(To paraphrase Snoopy.)
I spent a wonderful afternoon visiting with a friend over lunch... when you quit working, you lose track of what's going on in your friend's lives. We had such a good visit over lunch, Jill and I... and I forgot to take the camera, so there are no pictures!
Coming home in late afternoon, I did not realize when stopping at WalMart why it was so busy. Getting my few things in the basket, I realized the checkout lines were long, and went to the self-checkout. I realized, when I got home, that the threat of a winter storm is upon us, and people were stocking up.
Keith helped me do chores, and we got things organized for morning, which is expected to be well below 20, and we expect to have to carry several buckets of warm water out for the birds. That's one good thing about my being home... I can go out during the day and check on them. My only errand tomorrow (which could be done Friday) is to register our car and truck and get the yearly tags, so I can hang around here and keep things going while Keith works.
Here's our Ranger, waiting on us in the yard... isn't he handsome?
Unfortunately, this is what I found in the feed room of the big henhouse. The fencing in between the coop and feed room has come loose, and numerous hens come back and forth to lay eggs daily. Now a rooster is coming over... and this is the ensuing problem. Someone is going to have to go, and I hope it isn't my pet, Butch. The damage, thank heaven, was done to his bad side, the good eye is okay tonight.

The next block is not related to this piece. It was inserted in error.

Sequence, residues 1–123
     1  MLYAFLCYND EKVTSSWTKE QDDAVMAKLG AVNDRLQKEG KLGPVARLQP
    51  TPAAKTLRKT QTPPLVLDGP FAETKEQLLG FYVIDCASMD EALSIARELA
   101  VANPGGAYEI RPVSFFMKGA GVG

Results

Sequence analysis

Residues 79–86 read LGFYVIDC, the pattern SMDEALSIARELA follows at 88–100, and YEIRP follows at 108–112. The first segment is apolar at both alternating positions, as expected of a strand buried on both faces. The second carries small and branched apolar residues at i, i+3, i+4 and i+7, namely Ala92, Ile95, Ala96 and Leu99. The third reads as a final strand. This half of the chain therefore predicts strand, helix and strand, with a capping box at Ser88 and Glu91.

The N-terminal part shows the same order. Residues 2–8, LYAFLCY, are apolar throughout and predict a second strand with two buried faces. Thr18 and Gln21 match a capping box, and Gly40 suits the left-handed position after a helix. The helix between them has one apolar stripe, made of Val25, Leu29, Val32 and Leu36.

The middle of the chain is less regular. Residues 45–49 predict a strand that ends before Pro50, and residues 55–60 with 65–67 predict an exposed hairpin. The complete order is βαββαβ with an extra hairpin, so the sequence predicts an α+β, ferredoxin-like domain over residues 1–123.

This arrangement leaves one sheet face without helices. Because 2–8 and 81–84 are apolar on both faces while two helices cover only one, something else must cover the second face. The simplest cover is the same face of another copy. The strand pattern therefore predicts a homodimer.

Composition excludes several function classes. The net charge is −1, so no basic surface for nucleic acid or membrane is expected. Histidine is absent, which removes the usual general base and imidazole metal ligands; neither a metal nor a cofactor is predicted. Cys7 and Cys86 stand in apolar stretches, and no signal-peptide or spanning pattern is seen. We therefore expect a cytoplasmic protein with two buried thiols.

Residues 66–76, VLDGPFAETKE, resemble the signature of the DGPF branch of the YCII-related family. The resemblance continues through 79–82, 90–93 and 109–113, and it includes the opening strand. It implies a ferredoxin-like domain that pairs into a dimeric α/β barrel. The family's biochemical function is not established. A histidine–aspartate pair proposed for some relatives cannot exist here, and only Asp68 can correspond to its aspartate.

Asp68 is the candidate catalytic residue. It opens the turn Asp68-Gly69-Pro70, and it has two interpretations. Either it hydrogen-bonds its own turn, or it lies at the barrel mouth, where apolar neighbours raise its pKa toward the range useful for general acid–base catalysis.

But here is the really neat thing tonight... I went out just now, at 7:50, to see what was going on with the weather. It is raining, and there is lightening.
I was clear out at the big henhouse carrying something in my hand, when I felt eyes on me. There, not ten feet away, was this guy:
Oops... you can't see him like that. You see, he sat there for almost ten minutes while I did stuff.
There he is. He turned his head and looked at me for a minute, then, satisfied I was not going to bother him (he's watched us a lot in the last few months)... he calmly turned back to the pasture where he was waiting for mice to move. The white spots you see in the picture were raindrops coming down. A minute later, he flew over to the fence surrounding the big henyard, and I walked out to dump most of the water fortex in the pasture, so we can fill it in the morning.
Our storm is supposed to last only one day, with a chance for more rain on Christmas Day (or snow). The newspaper this morning described western Leavenworth County as being in extreme drought, and Jill mentioned to me at lunch that the alfalfa planted at their country place was barely up above the ground.
I'll take the rain!